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AM I DRINKING TOO MUCH?

Most people who enjoy drinking find it a sociable and relaxing thing to do, and don’t over indulge – 78% of people drink within the recommended drinking guidelines in the UK. In general, drinking within the guidelines is compatible with a healthy lifestyle.

8th January 2016 the UK Chief Medical Officers changed their guidelines for low risk drinking..... Click here for up to date information

‘The importance of drinking patterns as well as drinking volumes is underlined by the World Health Organisation (WHO) who recommend that responsible drinkers should spread the number of units they drink throughout the week, with one or two alcohol free days per week'.

The government advises that people should not drink more than 14 units of alcohol per week. This advice is for adults and is based on the evidence that if people did drink regularly at or above the low risk level advised, overall any protective effect from alcohol on deaths is overridden, and the risk of dying from an alcohol-related condition would be expected to be around, or a little under, 1% over a lifetime.

The same guidelines state that regularly drinking over the daily limits puts you at an ‘increasing risk’ of developing health problems, and if the amount you’re drinking is usually double the guidelines or more, you are putting yourself at a ‘higher risk’ of developing health problems.

Simple ways to cut down

Alcohol free days
If you feel your drinking levels are creeping up and you’re drinking too much too often, a good way to ‘test’ yourself, is to try and have alcohol free days from time to time. This can help you recognise if you are becoming psychologically – or physically dependent on alcohol. If you promised yourself to cut out alcohol for a few days and you don’t or put it off, then it may be time to seek help.

In England, 6% of men drink more than 50 units per week and 3% of women 35 units or more. Drinking ithis heavily can lead to long-term health risks such as cancer and mental health problems. 
Down size you glass
A great way to cut down on your drinking without giving up is to choose a smaller glass for wine, or a longer mixer for spirits (use a measure too as home pours are always much more generous). Don’t top your glass up, wait until it’s empty and set yourself a clear limit before you start drinking. Again if you’ve broken your own rules, have a careful look at how much you are drinking. There are great Apps available to help you keep track.
Why not try the UNIT CALCULATORS to see how many units your favourite drinks contain? Or download an app for your phone

sensible drinking man

 

 

nhs calc

iphone drinking app

iphone drinking app

Make a lower alcohol choice
The amount of alcohol in drinks can be confusing, so keep an eye on how many units are in your drink. Most drinks carry unit icons on the packaging or back labels to help you keep a tab on your intake. To give you an idea, a glass of wine can contain anything from 1.5 units for a small glass of sparkling wine at 11%, to 3 units for a 250ml glass at 13.5%. Maybe try a lower alcohol beer, there’s a great choice at below 4% now.. and the alcohol free beers taste good too!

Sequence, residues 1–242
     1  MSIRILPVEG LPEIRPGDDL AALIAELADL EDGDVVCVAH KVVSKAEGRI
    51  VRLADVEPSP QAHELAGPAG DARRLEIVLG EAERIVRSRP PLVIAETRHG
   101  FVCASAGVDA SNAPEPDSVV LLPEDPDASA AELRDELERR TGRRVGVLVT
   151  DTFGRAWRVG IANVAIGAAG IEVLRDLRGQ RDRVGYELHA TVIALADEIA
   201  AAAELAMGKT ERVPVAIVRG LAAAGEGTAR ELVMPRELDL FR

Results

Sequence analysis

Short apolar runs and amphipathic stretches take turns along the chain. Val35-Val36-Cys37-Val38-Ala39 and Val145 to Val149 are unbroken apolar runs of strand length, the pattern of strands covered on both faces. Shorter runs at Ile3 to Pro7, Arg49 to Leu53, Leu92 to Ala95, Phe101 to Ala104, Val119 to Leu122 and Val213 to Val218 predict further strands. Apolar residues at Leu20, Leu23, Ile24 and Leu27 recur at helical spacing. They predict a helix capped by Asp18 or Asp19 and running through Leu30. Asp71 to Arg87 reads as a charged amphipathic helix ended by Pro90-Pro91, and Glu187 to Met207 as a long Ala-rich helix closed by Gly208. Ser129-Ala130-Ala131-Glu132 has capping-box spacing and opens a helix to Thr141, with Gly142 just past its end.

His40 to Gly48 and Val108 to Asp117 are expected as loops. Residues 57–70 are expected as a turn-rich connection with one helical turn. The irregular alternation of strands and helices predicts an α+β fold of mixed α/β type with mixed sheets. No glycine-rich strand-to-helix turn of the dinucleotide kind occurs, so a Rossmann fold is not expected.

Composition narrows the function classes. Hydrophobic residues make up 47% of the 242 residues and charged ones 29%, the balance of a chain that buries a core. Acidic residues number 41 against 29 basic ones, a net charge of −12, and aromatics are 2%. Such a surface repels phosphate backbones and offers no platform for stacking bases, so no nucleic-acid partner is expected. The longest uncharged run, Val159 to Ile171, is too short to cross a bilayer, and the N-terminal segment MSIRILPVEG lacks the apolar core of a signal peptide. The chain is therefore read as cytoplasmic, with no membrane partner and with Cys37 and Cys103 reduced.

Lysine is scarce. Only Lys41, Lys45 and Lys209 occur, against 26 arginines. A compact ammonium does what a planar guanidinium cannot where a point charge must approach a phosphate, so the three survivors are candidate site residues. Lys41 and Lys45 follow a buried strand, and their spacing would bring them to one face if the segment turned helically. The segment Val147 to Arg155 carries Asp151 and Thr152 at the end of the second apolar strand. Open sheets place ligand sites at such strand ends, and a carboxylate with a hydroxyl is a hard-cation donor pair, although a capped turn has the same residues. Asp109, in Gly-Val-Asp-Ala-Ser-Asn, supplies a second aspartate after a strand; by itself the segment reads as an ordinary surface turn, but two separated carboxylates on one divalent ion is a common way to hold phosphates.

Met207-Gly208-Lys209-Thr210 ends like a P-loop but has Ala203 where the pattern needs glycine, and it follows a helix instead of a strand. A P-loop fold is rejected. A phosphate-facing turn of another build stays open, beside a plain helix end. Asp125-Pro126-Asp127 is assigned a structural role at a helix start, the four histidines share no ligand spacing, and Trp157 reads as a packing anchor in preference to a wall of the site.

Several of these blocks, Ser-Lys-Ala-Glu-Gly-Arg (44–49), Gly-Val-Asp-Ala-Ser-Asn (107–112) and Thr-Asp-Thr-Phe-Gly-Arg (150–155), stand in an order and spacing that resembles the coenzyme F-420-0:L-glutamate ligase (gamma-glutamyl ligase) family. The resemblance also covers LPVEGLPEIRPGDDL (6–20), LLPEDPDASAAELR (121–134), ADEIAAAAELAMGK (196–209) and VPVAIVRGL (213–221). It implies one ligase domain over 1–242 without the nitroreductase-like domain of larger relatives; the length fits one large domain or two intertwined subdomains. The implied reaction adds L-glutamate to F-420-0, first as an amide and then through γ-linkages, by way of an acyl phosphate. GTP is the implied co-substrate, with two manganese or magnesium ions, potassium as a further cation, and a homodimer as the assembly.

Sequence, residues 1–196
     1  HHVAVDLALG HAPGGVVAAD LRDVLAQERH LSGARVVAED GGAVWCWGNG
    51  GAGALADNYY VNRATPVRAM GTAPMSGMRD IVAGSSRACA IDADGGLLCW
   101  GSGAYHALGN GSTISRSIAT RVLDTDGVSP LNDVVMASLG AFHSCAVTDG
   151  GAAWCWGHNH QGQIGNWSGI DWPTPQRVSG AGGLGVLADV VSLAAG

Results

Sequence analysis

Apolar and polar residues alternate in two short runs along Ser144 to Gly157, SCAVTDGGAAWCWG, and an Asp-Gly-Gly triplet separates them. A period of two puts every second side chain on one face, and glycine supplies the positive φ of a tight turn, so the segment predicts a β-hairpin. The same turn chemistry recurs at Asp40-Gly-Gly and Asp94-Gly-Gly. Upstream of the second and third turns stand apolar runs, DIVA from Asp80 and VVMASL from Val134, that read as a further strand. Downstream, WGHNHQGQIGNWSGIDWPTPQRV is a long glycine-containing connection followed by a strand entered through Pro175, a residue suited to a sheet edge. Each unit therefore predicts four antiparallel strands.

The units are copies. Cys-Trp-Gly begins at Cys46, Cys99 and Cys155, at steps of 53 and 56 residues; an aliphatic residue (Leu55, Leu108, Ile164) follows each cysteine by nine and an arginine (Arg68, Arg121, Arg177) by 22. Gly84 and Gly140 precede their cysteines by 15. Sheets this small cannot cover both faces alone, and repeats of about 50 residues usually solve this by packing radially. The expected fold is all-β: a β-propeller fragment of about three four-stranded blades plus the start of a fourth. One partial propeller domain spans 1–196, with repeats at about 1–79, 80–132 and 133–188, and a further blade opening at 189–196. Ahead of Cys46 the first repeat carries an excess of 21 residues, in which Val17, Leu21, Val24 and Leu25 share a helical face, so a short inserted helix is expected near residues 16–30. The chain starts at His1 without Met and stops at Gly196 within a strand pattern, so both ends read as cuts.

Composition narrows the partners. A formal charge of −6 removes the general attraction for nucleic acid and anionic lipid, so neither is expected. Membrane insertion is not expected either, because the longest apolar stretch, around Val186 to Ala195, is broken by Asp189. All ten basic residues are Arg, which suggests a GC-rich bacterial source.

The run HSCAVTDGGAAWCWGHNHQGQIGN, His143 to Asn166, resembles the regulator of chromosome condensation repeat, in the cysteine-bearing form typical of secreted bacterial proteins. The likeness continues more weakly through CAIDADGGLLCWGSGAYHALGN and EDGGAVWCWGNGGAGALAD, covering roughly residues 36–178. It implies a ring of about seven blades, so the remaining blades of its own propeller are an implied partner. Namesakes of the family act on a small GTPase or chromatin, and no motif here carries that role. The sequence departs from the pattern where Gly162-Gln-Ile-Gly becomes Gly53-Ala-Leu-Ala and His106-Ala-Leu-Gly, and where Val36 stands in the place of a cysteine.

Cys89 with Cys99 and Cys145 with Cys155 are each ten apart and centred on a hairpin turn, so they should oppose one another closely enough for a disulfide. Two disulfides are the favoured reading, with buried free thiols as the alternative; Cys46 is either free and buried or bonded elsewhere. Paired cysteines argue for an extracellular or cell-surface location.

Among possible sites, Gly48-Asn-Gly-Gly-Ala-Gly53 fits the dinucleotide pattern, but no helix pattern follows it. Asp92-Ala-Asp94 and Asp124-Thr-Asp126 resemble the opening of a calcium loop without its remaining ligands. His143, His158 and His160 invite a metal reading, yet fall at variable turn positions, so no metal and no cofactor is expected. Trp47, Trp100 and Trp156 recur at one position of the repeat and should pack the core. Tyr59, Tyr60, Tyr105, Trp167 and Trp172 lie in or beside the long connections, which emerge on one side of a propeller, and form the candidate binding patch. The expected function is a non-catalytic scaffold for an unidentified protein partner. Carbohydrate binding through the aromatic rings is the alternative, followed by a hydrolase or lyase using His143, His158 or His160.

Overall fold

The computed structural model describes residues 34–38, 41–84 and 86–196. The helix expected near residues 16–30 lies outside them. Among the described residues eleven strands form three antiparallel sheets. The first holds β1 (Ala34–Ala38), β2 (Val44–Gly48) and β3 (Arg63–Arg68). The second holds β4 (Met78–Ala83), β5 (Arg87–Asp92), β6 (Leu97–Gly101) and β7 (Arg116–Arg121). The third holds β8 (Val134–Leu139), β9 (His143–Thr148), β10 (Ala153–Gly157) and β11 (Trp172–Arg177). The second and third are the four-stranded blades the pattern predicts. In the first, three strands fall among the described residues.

Pace yourself
Try alternating alcohol drinks with soft drinks or have a glass of water on the side - you’ll stay more hydrated and give your liver a chance to break down the alcohol. Watch out for ‘top ups’ too– you can kid yourself that you’re still on the same drink.

A bite to eat
If possible, try and drink with food, or eat before you drink. Alcohol is absorbed much quicker into the blood stream on an empty stomach and you tend to drink faster.

Read our advice on what to do is someone has drunk too much and 'it all goes wrong'

What to do if you got drunk

Hangover

Top tips for the morning after

If in spite of your best intentions you end up drinking more than you should, there are a few things you can do to ease the morning after.

  • Drink as much water as you can before going to sleep, and put some beside the bed too.
  • Take an antacid to settle your stomach. Alcohol is a depressant, so tea or coffee can perk you up (but they can also dehydrate you, so keep up the water as well).
  • Drinking lowers your blood sugar level, so eat as soon as you can.
  • Bananas, cereal, or egg on toast are all good morning-after snacks.
  • Never ever do hair of the dog - youll just prolong the agony.
  • Have 48 hours without alcohol if it was a heavy session.
  • And next time, either refrain from drinking or set a clear limit before the party and stick to recommended guidelines.Follow our top tips and you wont suffer again.

If in spite of your best intentions you end up drinking more than you should, there are a few things you can do to ease the morning after. Drink as much water as you can before going to sleep, and put some beside the bed too. Take an antacid to settle your stomach. Alcohol is a depressant, so tea or coffee can perk you up (but they can also dehydrate you, so keep up the water as well). Drinking lowers your blood sugar level, so eat as soon as you can. Bananas, cereal, or egg on toast are all good morning-after snacks. Have 48 hours without alcohol if it was a heavy session to give your liver a chance to recover.